The number of teeth in the ratchet head has a bearing on how well it works. Hold the anvil between your fingers and turn the handle while counting the number of clicks it makes rotating 360 degrees. Thirty six clicks equals a 36-tooth ratchet, etc. Years ago most ratchets had 24 or 36 teeth, but lately the count has been going up, and today many ratchets have 72 teeth, and some now boast 80 or more. Why does this matter? Aside from a nicer feel, a finer tooth count means fewer degrees of swing before the ratchet clicks to the next tooth; this can be critical in tight spaces when you have little or no room to swing the handle. On one field repair I had a couple of years ago, my 80-tooth ratchet had exactly one click of free movement to remove a vital but nearly inaccessible nut. It took me 15 minutes to get that nut off, one click at a time—but I got it off. One caveat: It’s easy to make a coarse, 36-tooth ratchet strong, but when you get up around 80 teeth it takes better engineering to ensure adequate strength and resistance to skipping and ‘self-reversing’. So quality becomes even more important.
Materials: It used to be that ‘forged’ and ‘chrome vanadium’ or ‘chrome molybdenum’ were pretty reliable signs of a quality ratchet set. Unfortunately even the cheapest offshore brands now forge tools from chrome vanadium or chromoly, so that’s not on its own a reliable standard. You can easily forge a poor tool from chrome vanadium steel—the difference in a good tool will stem from the purity and mix in the alloy, the heat treating, the finish, and the precision of the fit on the fastener. The best way to ensure quality is to stick with a reputable brand (see below); but other features will help you identify a good set.
What should you look for in a 3/8” ratchet set? Start with the basics. The set should include:
- Two extensions, one short, one long
- Standard-depth sockets from around 8mm to 19mm (or 1/4” to 3/4”)
- If possible, deep sockets from around 10mm to 19mm (These can be purchased separately if necessary. Deep sockets are used when a bolt protrudes far enough from the nut that it bottoms out on a standard socket.)
- Universal joint (to help access partially blocked fasteners)
- A sliding T-handle is nice. It’s a backup in case your ratchet breaks, and sometimes can access places where the bulkier ratchet head won’t fit.
- Some sets will include a pair of spark plug sockets, but these can easily be added later.
- In a 1/2” ratchet/socket set, look for standard sockets from about 12mm up to at least 25mm (32mm would be better). I don’t worry about deep sockets in a 1/2” set; I’ve rarely if ever needed them. For your 1/2” set you’ll also want a breaker bar for extra leverage on big drivetrain fasteners. Most breaker bars eschew a ratchet mechanism to retain ultimate strength—once the fastener is loosenedyou can switch to your standard ratchet. An 18-inch long breaker is sufficient for almost all tasks.
In addition, many possible extra features are nice to look for, although it’s unlikely you’ll find all of them in one set.
- Knurled extension. This grippy area helps you to spin on (or off) a fastener before you need the torque suppled by the ratchet.
- Wobble-tip extension. A slightly rounded tip on an extension allows the socket to work at a slight angle, if an obstruction prevents you getting the ratchet directly over the fastener.
- Hex fitting. A few extensions come with a hexagonal section near the top, which allows you to apply a wrench to turn it if you cannot get ratchet on it, or if the ratchet breaks. (The more alternative and backup ways you have to accomplish a field repair, the better.)
- Some ratchets come with rubber or plastic ‘comfort handles’. These are definitely more comfortable, and prevent scratching if the handle bangs into sheet metal or paint; however, they’re also more difficult to keep clean. Fully polished ratchet handles are much better in that regard. It’s pretty much personal preference.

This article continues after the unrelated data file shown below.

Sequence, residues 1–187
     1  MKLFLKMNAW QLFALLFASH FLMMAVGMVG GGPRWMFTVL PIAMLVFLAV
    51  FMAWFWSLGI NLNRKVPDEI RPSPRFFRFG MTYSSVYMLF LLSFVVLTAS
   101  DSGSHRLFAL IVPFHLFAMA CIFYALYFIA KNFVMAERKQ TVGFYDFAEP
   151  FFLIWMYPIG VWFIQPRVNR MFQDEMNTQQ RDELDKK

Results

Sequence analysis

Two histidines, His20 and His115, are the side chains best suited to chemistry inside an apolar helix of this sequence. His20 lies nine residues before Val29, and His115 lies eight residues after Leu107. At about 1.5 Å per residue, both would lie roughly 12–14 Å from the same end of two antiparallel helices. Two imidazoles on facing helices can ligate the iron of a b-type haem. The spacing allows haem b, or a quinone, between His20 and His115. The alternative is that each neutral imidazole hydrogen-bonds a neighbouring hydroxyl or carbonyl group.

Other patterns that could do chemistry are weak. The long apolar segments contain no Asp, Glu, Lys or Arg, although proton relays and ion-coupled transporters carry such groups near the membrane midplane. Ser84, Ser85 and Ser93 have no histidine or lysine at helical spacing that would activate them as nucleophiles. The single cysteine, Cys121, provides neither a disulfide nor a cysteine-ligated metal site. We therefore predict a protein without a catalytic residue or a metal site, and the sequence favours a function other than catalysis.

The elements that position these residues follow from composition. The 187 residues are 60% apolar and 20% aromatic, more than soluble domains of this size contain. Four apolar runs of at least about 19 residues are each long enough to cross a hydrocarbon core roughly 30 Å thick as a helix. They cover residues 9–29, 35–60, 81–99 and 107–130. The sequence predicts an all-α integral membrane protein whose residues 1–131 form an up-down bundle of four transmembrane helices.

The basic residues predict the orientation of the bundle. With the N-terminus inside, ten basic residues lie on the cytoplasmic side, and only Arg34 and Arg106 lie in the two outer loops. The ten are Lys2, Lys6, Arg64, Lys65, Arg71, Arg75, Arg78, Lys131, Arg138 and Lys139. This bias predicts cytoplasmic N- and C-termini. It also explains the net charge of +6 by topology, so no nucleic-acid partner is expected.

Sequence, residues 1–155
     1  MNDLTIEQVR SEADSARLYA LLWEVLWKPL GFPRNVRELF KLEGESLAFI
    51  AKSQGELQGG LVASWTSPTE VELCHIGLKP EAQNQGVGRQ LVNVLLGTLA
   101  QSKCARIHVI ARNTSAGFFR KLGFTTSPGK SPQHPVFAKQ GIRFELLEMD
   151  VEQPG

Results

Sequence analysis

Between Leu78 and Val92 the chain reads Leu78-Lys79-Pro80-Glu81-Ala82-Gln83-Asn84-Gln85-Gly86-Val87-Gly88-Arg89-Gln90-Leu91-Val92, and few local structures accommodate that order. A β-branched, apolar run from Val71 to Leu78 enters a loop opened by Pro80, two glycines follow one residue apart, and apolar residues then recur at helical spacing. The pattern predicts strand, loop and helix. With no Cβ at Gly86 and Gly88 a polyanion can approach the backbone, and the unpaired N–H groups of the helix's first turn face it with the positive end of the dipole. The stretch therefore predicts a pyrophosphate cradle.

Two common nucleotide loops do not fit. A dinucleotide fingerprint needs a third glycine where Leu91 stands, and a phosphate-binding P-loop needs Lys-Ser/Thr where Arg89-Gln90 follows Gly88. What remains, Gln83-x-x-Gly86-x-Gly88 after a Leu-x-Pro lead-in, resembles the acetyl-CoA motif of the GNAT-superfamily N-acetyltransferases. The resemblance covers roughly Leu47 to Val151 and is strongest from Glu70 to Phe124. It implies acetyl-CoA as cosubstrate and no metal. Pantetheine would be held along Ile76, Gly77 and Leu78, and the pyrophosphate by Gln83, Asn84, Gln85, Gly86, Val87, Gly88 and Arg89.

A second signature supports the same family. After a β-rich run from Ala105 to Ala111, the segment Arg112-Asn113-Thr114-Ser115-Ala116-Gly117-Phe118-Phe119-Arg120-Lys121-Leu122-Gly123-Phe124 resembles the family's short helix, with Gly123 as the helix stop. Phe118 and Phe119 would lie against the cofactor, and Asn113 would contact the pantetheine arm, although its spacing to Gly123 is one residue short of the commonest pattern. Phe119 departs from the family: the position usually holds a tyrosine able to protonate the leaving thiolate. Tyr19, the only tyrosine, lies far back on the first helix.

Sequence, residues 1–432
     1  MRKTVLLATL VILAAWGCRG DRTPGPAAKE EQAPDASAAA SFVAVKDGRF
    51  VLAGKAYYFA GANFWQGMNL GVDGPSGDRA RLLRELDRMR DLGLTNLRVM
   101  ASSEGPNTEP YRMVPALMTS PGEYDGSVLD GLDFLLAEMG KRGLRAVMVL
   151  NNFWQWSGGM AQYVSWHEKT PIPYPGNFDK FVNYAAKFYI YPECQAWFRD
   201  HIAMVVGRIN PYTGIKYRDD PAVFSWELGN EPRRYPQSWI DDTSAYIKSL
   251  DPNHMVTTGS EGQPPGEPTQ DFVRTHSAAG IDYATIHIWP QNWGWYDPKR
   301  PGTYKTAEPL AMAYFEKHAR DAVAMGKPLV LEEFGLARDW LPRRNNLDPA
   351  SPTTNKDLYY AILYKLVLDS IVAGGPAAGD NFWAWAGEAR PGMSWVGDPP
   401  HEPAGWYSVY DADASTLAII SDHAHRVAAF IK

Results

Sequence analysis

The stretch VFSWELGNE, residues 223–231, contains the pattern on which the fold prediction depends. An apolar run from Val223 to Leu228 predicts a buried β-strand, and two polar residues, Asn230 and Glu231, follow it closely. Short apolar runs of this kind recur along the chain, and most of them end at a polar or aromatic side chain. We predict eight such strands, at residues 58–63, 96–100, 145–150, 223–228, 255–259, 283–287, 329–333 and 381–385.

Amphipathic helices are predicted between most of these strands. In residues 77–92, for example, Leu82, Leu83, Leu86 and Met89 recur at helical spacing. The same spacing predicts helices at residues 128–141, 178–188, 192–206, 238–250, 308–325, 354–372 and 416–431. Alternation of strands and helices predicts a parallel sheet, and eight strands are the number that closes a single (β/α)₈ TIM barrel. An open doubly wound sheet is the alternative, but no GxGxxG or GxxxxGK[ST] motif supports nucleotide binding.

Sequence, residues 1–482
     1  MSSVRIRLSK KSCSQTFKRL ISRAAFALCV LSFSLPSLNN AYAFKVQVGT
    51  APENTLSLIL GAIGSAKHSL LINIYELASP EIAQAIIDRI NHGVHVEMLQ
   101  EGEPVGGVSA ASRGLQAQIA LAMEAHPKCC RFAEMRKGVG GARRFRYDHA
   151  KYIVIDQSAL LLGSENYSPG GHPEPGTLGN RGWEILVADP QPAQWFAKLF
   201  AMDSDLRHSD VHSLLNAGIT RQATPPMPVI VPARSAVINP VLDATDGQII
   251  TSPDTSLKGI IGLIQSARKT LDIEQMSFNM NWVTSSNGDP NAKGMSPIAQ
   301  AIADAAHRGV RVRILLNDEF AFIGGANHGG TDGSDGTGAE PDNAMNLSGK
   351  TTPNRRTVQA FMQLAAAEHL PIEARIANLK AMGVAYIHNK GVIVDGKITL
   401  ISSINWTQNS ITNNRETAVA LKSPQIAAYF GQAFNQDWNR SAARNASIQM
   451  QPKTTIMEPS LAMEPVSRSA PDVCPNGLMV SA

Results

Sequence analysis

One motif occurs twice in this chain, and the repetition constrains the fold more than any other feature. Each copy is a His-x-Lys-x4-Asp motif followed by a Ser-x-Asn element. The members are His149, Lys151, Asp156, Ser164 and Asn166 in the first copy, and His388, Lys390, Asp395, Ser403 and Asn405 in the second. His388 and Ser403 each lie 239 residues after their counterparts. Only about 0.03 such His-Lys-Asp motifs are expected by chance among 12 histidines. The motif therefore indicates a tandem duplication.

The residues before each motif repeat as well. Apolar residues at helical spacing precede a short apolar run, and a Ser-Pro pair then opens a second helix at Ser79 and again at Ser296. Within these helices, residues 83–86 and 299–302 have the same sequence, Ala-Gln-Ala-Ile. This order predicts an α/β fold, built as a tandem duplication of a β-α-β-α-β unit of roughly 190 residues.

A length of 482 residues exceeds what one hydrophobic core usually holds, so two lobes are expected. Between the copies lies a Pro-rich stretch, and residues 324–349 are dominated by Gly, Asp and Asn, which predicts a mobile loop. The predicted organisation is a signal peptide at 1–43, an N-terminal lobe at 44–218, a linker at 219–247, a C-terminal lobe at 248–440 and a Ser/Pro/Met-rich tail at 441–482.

- A quick-release button is handy for removing sockets from the ratchet—otherwise the spring detent ball that holds the socket on can require a strong tug to overcome.
- Personally I like to retain the blow-molded plastic case that many socket sets come in. While it adds more bulk to the tool kit than if you simply dumped everything in a bag, the case keeps everything organized and easy to locate, it reduces wear on the tools, and—above all for me—it makes it easy to see if you’ve left out any sockets or other items when you’ve finished the work.
- You’ll see so-called ‘pass-through’ socket sets that eliminate the need for deep sockets. I’ve found these to be less than desirable because the components are very large in diameter and don’t work well in confined spaces. Also, they’re incompatible with standard sockets, so if you break one you can’t easily borrow a replacement or find one in some backwoods hardware store.
So what about brands? As I mentioned, the socket set is the most critical component of your tool kit in terms of quality, so if you’re going to splurge and shop at snapon.com or mactools.com, now’s the time to do it. Just make sure your payments are current on the Amex Platinum. (You can also do as I do and haunt eBay for used sets.)
Setting aside the gold standards, I’m very partial to the Facom (pronounced “fahcomb”) brand. Described as ‘France’s Snap-on’, most of their tools are now produced in Taiwan, but the quality control seems exceptional. Bahco makes some very nice boxed sets, although they rarely seem to include deep sockets.
SK tools makes most if not all their sets in the U.S. After a decided dip in quality before a reorganization, it seems to be back again. The finish is really good, although the ratchet I tried only had a 40-tooth head—interesting how clunky that formerly standard count feels after getting spoiled with 80-tooth heads.
Stepping down a notch, but still functional, is the Sears Craftsman Professional line—as distinguished from the standard Craftsman line, which has lost quality over the last few years with a switch to offshore production. Stick with sets that include the fully polished ratchets and you’ll be okay. The thin-profile ratchets are nice, and they have 60-tooth heads.
Home Depot’s Husky line is not bad, although their ratchet design is an annoyingly blatant ripoff of the Snap-on style. But the prices are excellent and the tools have a lifetime guarantee (which, remember, is great but of little immediate value if the tool breaks in the field). Lowe’s Kobalt brand seems well-made, and the stores I've been in carry a wide selection. They make a 40-piece SAE and metric 3/8” set with a 72-tooth ratchet that is a bargain at around $30, although, again, there’s that Snap-on-esque handle (insert eye roll).
Once you've got a 3/8" and 1/2" socket set, you'll be ready for the companion tools for removing and attaching fasteners: Wrenches.